by Natasha Geiling: For the first time ever, wind and solar accounted for 10 percent of U.S. electricity generation…
This past March, for the first time in U.S. history, more than 10 percent of all electricity generated came from wind and solar, according to a new reportfrom the U.S. Energy Information Administration (EIA).
In 2016, solar and wind made up, on average, about seven percent of all U.S. electricity generation.
Because generation reflects the availability of resources like wind and sunlight at a given time, EIA forecasts that wind and solar generation likely exceeded 10 percent in April. Wind generation in states like Texas and Oklahoma, which account for much of the current U.S. wind capacity, tends to be highest in spring months. Solar power generation, by contrast, tends to be highest in summer months, due to the increased amount of daylight.
According to EIA, Texas accounted for the largest total amount of wind and solar generation in the United States in 2016. Most of that was from wind — Texas is by far and away the nation’s largest producer of wind energy, and has enough installed wind capacity to generate more than 18,500 megawatts, according to the EIA. Texas greatly expanded its renewable energy capacity under former Gov. Rick Perry (R), now Secretary of Energy in the Trump administration. Thus far in his tenure at the Department of Energy, however, Perry has been criticized by wind and solar advocates for working to undermine, not expand, renewable energy production.
Overall installed wind capacity — defined as the total amount of output a particular electricity generator can produce at a specific time, under specific conditions—passed hydropower in 2016 to become the largest source of renewable energy capacity in the United States. It now ranks fourth overall, behind coal, natural gas, and nuclear.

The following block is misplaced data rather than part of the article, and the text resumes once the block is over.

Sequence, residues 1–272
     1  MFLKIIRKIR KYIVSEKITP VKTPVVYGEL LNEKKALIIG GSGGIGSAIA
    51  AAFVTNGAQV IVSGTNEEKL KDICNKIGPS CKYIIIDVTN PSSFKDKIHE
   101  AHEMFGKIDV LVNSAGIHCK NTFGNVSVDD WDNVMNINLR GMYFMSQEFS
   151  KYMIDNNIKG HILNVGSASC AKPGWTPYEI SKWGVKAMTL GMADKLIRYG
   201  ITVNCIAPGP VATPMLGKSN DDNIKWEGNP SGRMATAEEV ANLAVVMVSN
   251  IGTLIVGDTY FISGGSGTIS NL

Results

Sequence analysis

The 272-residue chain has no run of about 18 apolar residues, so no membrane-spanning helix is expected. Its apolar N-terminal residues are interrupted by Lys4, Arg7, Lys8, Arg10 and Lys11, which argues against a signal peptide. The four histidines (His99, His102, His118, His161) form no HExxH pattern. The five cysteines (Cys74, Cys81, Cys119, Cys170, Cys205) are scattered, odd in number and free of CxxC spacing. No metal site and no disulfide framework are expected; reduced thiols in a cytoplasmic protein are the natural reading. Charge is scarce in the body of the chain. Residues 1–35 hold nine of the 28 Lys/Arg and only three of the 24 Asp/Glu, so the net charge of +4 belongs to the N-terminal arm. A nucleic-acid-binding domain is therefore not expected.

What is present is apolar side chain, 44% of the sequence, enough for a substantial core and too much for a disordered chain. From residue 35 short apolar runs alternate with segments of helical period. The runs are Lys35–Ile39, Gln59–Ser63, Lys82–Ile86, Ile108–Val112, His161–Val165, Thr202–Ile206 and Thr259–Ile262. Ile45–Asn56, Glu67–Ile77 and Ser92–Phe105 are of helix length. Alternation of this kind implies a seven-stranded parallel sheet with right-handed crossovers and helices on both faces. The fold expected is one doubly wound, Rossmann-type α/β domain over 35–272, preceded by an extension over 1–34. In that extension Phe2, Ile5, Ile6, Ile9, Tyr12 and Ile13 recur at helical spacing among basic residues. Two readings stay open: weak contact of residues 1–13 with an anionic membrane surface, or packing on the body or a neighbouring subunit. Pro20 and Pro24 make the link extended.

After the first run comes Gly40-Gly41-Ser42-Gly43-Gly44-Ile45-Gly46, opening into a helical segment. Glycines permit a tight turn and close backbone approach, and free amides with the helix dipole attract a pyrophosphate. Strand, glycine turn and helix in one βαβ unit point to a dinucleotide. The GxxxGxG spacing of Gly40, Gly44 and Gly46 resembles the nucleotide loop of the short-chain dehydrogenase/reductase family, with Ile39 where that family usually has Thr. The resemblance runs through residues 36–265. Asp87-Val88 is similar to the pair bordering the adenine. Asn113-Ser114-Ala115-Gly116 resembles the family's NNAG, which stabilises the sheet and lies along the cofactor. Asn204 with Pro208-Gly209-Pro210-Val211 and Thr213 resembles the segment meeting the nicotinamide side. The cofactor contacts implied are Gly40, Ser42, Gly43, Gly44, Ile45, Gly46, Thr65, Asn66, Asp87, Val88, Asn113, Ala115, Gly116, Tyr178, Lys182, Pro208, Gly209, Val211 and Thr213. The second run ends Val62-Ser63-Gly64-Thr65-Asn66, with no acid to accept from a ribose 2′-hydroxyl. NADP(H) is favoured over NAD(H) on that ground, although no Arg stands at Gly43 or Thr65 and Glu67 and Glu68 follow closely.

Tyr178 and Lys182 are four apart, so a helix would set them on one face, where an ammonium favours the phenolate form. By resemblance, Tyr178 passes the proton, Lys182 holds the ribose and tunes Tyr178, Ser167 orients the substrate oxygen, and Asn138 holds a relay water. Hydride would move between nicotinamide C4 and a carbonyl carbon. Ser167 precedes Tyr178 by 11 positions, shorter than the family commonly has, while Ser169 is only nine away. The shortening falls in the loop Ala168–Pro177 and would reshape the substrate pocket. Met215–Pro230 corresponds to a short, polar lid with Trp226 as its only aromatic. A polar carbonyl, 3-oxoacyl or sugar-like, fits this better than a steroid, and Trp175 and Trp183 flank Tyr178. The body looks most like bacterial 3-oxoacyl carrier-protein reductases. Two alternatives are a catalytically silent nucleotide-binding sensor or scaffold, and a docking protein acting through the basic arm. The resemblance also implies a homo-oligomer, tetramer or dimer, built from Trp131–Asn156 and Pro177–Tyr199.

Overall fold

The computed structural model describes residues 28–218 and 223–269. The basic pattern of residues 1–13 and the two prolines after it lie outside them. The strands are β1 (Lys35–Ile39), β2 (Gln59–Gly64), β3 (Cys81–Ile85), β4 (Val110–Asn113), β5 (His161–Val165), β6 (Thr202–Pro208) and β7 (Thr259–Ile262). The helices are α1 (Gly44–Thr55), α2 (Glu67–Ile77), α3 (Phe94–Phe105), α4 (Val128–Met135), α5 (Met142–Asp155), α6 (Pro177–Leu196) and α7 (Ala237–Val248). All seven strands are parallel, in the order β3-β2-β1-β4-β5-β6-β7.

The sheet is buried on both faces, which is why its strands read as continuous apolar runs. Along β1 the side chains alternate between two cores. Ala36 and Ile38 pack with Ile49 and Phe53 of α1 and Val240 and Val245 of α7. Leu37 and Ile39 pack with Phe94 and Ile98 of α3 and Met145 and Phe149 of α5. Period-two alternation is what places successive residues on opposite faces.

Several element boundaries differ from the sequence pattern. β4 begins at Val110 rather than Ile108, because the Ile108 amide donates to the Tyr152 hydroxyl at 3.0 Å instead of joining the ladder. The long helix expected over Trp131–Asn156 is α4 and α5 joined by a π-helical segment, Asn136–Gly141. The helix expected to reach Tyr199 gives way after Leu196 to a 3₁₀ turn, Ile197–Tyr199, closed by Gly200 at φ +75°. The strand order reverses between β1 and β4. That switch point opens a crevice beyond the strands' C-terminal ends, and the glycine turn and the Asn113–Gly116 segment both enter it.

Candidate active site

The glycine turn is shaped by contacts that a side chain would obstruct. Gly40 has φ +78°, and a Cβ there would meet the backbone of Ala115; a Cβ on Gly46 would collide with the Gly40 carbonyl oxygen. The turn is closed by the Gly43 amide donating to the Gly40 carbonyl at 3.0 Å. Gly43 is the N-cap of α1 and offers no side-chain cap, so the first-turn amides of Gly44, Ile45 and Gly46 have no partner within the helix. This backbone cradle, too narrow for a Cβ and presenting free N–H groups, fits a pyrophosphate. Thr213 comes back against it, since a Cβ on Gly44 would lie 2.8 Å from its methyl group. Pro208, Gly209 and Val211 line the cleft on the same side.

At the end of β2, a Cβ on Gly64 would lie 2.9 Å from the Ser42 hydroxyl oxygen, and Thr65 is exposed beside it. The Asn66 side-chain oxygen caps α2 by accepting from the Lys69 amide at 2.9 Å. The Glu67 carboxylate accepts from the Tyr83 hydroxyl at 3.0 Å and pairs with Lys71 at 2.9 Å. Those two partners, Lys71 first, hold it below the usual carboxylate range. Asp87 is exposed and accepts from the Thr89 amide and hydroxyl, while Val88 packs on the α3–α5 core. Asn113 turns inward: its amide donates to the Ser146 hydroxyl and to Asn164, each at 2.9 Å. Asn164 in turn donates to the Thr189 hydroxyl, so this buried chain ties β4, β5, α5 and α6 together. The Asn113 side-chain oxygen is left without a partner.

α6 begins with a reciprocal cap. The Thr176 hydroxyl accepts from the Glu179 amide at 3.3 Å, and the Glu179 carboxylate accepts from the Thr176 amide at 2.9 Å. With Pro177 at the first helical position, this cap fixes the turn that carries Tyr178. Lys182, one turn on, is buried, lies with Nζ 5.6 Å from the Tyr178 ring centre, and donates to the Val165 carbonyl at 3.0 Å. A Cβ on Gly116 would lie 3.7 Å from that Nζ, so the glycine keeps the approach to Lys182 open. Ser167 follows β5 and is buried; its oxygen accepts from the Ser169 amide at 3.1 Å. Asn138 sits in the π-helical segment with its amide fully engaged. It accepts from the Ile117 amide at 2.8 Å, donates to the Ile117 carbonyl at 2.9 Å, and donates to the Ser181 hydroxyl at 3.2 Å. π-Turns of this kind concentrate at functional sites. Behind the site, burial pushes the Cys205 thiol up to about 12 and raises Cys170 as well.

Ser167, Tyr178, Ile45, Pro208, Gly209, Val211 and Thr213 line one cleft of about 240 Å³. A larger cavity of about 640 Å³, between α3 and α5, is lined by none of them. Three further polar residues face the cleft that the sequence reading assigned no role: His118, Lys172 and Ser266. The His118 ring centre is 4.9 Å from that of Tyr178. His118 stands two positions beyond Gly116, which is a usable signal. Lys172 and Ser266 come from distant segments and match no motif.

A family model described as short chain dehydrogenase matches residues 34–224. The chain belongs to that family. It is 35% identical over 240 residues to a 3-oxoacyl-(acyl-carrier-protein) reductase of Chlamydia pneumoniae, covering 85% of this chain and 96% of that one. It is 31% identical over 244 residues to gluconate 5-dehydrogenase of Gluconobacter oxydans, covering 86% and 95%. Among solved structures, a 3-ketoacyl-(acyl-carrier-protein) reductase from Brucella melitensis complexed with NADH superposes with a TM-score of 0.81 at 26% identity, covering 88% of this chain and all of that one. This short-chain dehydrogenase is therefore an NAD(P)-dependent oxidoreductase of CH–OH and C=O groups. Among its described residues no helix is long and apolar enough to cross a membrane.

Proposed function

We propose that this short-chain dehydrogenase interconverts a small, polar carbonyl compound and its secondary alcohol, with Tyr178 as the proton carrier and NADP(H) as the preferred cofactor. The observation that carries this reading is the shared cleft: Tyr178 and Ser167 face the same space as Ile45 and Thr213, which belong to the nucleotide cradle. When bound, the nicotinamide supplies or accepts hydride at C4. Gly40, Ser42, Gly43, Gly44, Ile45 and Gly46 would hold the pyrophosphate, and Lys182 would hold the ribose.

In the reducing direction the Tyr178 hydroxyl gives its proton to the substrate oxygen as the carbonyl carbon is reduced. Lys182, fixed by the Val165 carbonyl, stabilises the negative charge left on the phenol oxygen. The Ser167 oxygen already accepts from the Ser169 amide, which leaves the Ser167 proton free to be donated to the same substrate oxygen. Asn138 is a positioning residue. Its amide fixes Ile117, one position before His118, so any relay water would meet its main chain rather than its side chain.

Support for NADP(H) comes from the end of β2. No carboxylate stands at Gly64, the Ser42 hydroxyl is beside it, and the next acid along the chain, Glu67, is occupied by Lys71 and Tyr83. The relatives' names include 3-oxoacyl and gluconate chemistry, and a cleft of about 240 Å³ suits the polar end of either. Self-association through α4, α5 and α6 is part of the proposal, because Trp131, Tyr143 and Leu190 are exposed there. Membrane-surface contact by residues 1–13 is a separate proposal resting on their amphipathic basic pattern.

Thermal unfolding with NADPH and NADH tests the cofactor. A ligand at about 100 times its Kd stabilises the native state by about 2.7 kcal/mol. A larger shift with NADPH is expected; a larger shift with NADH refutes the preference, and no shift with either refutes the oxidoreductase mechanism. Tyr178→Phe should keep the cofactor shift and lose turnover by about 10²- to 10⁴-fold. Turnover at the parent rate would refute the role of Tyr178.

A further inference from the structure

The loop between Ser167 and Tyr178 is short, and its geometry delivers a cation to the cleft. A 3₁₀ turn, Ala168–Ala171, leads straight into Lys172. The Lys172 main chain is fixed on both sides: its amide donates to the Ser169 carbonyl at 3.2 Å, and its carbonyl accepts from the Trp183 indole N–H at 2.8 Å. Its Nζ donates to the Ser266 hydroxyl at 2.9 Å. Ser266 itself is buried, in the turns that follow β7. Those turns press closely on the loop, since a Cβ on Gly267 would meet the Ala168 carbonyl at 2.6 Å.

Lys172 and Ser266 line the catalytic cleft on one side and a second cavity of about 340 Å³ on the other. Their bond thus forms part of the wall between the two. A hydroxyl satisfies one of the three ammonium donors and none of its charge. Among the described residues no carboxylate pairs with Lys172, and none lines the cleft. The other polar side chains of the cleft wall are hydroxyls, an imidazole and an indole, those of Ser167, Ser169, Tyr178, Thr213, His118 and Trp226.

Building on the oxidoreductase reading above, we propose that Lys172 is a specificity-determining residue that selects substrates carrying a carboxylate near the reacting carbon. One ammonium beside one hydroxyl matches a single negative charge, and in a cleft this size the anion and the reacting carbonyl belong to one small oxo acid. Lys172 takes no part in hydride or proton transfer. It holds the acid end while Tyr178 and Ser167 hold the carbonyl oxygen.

The solar industry also saw a record-breaking 2016, installing more megawatts of solar power across the United States than ever before. For the first time ever, solar power was the number one source of new generating capacity in the United States.
Renewable energy has become more widespread in recent years thanks in large part to a combination of state-level policies — like renewable standard portfolios, which require states to obtain a certain percentage of their power from non-fossil fuel sources — the declining cost of renewable technology, and tax incentives. In 2015, Congress passed a long-term extension of both the solar Investment Tax Credit (ITC) and the wind Production Tax Credit (PTC), ensuring that both industries have some measure of tax and regulatory certainty through 2021.
Still, renewable energy generation currently constitutes a fairly small sliver of actual electricity generation in the United States. The heavy-hitters remain fossil fuel-powered generation, namely natural gas and coal.
The Trump administration, for its part, has denied that it favors traditional fuel sources over renewable energy. Recently, in a hearing on Capitol Hill, Secretary of the Interior Ryan Zinke told representatives that the administration does not “value oil and gas over alternative energies.” But the administration’s policies tell a different story; it has proposed cutting the Energy Department’s renewable and energy efficiency program by almost 70 percent, and the Energy Department is currently conducting a review of the energy grid potentially aimed at undermining renewable energy in favor of coal.
But the Trump administration’s pledge to revive the declining coal industry is likely to run into significant headwinds. According to new analysis from Bloomberg New Energy Finance (BNEF), the cost of renewable energy is likely to continue to drop in the coming years, making renewable energy extremely cost-competitive with fuels like coal and natural gas. As a result, BNEF estimates that U.S. coal generation will drop by 51 percent by 2040.
Renewable energy advocates argue that the falling cost of renewable energy, coupled with the shift towards clean-energy economies created by the Paris climate agreement, will create major opportunities for both investment and job creation. Under Trump, it seems unlikely that the United States — which has already voiced its intent to withdraw from the Paris agreement — will see any large push, at least from the federal level, in renewable energy investment. But the trend looks to continue globally, even without the United States: recently, China announced that it would invest $360 billion in clean energy by 2020, which they estimate will create 13 million new jobs.